BSC can be triggered for the first time or exacerbated by pregnancy. Doppler-US serves as the primary diagnostic and screening modality, reserving MR when the prior is inconclusive. Hepatic venous occlusion and heterogeneous enlarged liver are common findings, and acute cases may show thrombus in the inferior vena cava.

In hereditary hemorrhagic telangiectasia, a cardinal sign is a common hepatic artery diameter > 6mm and imaging is necessary to follow arteriovenous malformations and detect possible aneurysms.

Increased levels of estrogens prompt the growth of hepatocellular adenomas by up to 25%, requiring correct identification of the lesion, monitoring and detection of complications such as bleeding or spontaneous rupture.

As in the general population, incidental focal liver lesions may be detected during gestation, which calls for accurate characterisation in suspicious cases; while benign features and a low pre-test probability can delay diagnostic imaging until childbirth.

In known cirrhotic patients, close surveillance by radiologists is crucial as pregnancy may trigger hepatic decompensation with ascites or portal hypertension. While hepatocellular carcinomas are rare, they carry a poor prognosis due to aggressive growth and frequent rupture; therefore, diagnostic contrast-enhanced imaging techniques must be performed when suspected.

Women who have undergone liver transplants are vulnerable to many of the mentioned disorders, including acute graft rejection and liver failure. Thus, careful monitoring, especially with Doppler-US throughout all trimesters, can lead to a successful outcome in 80% of pregnancies.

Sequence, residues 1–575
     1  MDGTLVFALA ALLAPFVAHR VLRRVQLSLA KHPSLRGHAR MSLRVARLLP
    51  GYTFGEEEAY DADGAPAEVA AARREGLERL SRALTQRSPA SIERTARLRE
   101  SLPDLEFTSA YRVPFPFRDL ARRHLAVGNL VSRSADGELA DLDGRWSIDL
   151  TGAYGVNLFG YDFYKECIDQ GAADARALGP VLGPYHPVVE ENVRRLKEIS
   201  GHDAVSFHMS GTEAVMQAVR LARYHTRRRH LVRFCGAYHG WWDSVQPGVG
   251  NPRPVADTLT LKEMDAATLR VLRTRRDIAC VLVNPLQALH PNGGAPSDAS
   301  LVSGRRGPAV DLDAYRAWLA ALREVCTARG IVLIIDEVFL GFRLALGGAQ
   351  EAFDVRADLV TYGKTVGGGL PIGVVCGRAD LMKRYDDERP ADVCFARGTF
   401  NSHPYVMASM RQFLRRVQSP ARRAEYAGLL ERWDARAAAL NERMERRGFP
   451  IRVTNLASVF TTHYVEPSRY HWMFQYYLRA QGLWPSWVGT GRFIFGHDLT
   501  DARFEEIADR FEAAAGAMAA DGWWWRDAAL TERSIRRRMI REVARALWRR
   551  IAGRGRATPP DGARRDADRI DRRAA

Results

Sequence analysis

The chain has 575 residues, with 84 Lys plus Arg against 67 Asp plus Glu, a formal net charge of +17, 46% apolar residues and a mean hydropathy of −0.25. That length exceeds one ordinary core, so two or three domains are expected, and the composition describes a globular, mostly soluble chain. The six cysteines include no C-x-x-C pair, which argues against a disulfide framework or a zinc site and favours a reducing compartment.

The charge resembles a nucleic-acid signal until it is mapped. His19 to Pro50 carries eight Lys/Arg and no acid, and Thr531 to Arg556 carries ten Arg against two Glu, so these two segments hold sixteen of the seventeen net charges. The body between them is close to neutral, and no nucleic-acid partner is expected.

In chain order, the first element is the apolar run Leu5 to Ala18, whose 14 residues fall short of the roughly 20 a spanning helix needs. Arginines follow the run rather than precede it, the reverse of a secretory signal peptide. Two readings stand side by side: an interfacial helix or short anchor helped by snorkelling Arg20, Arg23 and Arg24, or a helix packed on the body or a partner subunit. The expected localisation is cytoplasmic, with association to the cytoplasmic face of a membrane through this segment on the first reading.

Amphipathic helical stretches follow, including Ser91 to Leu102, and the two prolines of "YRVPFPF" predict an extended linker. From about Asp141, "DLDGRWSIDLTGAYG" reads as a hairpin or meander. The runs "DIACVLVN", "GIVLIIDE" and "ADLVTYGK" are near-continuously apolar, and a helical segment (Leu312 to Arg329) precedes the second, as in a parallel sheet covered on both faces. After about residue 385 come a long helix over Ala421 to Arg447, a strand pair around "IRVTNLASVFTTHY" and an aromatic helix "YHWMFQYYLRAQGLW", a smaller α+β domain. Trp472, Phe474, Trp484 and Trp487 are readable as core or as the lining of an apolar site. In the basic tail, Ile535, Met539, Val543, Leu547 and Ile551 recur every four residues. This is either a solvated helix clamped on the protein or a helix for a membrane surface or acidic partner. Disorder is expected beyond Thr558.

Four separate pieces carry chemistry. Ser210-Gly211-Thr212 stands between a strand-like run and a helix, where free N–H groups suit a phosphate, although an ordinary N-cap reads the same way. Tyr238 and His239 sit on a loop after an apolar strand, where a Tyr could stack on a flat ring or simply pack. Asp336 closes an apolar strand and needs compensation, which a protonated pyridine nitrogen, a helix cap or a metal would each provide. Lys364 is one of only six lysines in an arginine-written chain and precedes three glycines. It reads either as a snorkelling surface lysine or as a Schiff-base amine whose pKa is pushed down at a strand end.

In conclusion, the article underscores the relevant role of radiologists in the early and accurate diagnosis of pregnancy-related liver diseases, including common conditions that may have an unexpected turn, to ensure maternal-fetal health. Moreover, it highlights that the fear of radiation should never delay necessary imaging studies during pregnancy.



  1. Kelaranta A, Mäkelä T, Kaasalainen T, Kortesniemi M. Fetal radiation dose in three common CT examinations during pregnancy - Monte Carlo study. Phys Med. noviembre de 2017;43:199-206.
  2. Winterstein AG, Thai TN, Nduaguba S, Smolinski NE, Wang X, Sahin L, et al. Risk of fetal or neonatal death or neonatal intensive care unit admission associated with gadolinium magnetic resonance imaging exposure during pregnancy. American Journal of Obstetrics and Gynecology. 1 de abril de 2023;228(4):465.e1-465.e11.
  3. Hay JE. Liver disease in pregnancy. Hepatology. marzo de 2008;47(3):1067-76.
  4. Zongxue L, Ze Z, Jing Y et al. Imaging of pregnancy-related liver diseases. iLIVER. 2023 Mar;2(1):56-66. doi: 10.1016/j.iliver.2023.02.003.
  5. Heller MT, Tublin ME, Hosseinzadeh K, Fargiano A. Imaging of hepatobiliary disorders complicating pregnancy. AJR Am J Roentgenol. 2011 Sep;197(3):W528-36. doi: 10.2214/AJR.10.5128. 
  6. Tirada N, Dreizin D, Khati NJ, Akin EA, Zeman RK. Imaging Pregnant and Lactating Patients. Radiographics. 2015 Oct;35(6):1751-65. doi: 10.1148/rg.2015150031

Alice Hodgert is a first-year radiology resident at La Fe University and Polytechnic Hospital in Valencia (Spain), currently completing her first rotation in abdominal imaging. She graduated from the University of Valencia, where her ongrowing interest for specialising in radiology first sparked.

Despite her little time in the radiology field, gastrointestinal imaging has captivated her attention and hopes to take in and learn as much as possible, while contributing in research in the upcoming years of her training.

Comments may be sent to hodgertalice(at)